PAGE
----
Last week, the Fifth Circuit Court of Appeals in New Orleans asked the Texas Supreme Court for help in determining if commonly used terms in commercial general liability policies are ambiguous under Texas law in U.S. Metals’ suit seeking liability coverage for a $6.3 million settlement with Exxon over allegedly defective refinery equipment. 

The Fifth Circuit appeal arose from a dispute between U.S. Metals and Liberty Mutual regarding coverage of certain damages pursuant to two exclusions in a commercial general liability insurance policy.  The coverage case ended up in Federal Court in Houston and was resolved in Liberty’s favor by summary judgment.  The insured appealed and the Fifth Circuit panel found this case involves important questions of Texas law regarding the interpretation of terms within common exclusions of commercial general liability policies, as to which there is no controlling Texas Supreme Court precedent.  They determined the resolution of this case turns on two questions of Texas law, neither of which has been directly addressed by the Supreme Court of Texas: (1) whether the terms “physical injury” and “replacement” found in the common “your product” and “impaired property” exclusions are ambiguous; and (2) if not, what do these terms mean pursuant to Texas law? The panel declined to make an “Erie guess” and certified four questions to the Supreme Court of Texas.

The following questions of law were certified to the Supreme Court of Texas:

1.     In the “your product” and “impaired property” exclusions, are the terms “physical injury” and/or “replacement” ambiguous?

2.     If yes as to either, are the aforementioned interpretations offered by the insured reasonable and thus, must be applied pursuant to Texas law?

3.     If the above question 1 is answered in the negative as to “physical injury,” does “physical injury” occur to the third party's product that is irreversibly attached to the insured's product at the moment of incorporation of the insured's defective product or does “physical injury” only occur to the third party's product when there is an alteration in the color, shape, or appearance of the third party's product due to the insured's defective product that is irreversibly attached?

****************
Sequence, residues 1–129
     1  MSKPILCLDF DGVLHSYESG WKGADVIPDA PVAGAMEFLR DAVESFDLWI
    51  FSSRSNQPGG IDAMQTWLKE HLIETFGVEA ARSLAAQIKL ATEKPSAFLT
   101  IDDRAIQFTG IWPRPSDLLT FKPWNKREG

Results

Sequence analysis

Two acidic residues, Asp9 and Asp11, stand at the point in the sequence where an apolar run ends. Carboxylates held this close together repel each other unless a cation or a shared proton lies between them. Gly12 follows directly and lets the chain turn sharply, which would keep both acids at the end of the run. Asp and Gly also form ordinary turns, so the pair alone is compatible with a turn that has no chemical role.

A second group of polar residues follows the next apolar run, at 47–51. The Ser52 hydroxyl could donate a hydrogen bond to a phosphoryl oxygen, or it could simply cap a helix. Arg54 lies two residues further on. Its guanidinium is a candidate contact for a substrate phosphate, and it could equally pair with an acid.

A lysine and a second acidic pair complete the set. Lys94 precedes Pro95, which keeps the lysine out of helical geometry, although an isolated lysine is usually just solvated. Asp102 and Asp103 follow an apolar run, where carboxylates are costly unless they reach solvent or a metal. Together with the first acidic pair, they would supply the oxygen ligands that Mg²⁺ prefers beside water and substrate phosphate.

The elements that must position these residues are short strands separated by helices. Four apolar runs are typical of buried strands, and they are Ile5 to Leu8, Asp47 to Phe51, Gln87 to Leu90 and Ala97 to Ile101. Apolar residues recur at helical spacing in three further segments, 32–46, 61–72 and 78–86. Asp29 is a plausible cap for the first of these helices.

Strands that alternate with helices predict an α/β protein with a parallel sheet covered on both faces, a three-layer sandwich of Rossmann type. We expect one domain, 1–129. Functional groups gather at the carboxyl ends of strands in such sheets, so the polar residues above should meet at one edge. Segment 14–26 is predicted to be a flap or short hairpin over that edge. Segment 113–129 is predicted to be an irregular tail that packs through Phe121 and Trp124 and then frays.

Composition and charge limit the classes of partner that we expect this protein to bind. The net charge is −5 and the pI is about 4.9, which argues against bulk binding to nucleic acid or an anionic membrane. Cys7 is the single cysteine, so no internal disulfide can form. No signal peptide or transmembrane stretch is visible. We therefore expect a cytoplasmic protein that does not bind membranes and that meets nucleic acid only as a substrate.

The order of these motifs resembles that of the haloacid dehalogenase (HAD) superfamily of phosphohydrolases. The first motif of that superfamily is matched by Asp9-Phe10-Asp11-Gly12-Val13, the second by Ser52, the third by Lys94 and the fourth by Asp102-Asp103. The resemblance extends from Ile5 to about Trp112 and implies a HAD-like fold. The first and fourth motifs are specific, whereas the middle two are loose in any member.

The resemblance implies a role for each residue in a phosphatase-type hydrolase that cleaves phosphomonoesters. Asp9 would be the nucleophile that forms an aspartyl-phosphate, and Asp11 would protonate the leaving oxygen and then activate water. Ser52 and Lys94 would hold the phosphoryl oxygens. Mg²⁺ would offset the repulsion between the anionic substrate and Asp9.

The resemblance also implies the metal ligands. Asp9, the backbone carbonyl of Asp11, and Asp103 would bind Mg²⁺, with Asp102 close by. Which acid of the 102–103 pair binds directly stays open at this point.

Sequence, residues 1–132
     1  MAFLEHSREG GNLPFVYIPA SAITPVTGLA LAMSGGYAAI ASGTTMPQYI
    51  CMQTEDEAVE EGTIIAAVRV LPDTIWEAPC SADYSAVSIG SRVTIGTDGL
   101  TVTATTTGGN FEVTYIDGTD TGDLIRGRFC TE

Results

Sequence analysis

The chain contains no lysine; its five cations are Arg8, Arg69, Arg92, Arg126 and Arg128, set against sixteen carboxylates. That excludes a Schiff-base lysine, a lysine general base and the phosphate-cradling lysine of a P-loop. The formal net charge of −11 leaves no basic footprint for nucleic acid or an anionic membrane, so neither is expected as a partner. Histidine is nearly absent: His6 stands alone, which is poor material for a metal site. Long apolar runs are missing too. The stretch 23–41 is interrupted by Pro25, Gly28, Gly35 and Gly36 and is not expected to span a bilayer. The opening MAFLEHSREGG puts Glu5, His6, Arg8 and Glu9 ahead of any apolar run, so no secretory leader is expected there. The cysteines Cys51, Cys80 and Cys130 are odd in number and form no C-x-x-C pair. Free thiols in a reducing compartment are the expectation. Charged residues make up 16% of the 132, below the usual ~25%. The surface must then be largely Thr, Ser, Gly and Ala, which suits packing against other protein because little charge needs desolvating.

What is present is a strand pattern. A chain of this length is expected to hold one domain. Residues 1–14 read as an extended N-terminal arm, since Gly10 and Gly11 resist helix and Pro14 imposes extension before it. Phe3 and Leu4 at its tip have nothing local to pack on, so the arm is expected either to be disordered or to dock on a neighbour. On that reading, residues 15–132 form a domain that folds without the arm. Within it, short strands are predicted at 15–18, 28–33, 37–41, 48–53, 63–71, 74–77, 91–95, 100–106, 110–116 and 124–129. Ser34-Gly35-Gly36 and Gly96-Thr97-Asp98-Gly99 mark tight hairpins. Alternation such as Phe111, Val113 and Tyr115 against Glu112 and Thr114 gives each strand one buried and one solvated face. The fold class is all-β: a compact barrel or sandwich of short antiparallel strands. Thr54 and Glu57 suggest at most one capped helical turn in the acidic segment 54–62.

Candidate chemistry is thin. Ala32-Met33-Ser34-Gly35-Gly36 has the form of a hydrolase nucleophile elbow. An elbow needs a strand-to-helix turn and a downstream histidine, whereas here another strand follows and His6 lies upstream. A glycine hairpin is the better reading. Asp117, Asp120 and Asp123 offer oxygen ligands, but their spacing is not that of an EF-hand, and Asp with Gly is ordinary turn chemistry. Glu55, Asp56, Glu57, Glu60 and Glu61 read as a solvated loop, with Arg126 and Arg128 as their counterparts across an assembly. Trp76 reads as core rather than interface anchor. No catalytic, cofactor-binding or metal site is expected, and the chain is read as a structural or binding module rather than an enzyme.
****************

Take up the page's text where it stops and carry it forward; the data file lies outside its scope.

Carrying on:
4.     If the above question 1 is answered in the negative as to “replacement,” does “replacement” of the insured's defective product irreversibly attached to a third party's product include the removal or destruction of the third party's product?

The panel said they could find no controlling Texas case law discussing the meaning of “replacement” within the commonly used impaired property exclusion, but noted a Texas federal court interpreted replacement to include the cost of tearing down other injured components, even if the other components were physically injured upon the installation of defective equipment.

The panel further noted a Texas appeals court said the incorporation of a defective product is not “property damage” to the defective product itself, but the panel also noted that that opinion doesn’t discuss whether damage to other integrated components would be considered property damage.

In explaining its rationale for certification, the panel found the Texas Supreme Court's interpretation of these terms will have “far-reaching implications due to the commonality of these exclusions within CGL policies.”  It further noted: “the answer to our certified questions will affect a large number of litigants. No Texas court or any other state or circuit court has determined whether the terms “physical injury” or “replacement” found within the “your property” and “impaired property” exclusions are ambiguous.”

Late last week, the Texas Supreme Court accepted the case and issued a briefing schedule to allow the parties to address the precise questions raised by the Fifth Circuit.  We will keep our readers updated regarding any further developments in this important case.

[Editor’s Note: Liberty Mutual is represented in this case by Chris Martin, Levon Hovnatanian and Bruce Ramage of MDJW.]

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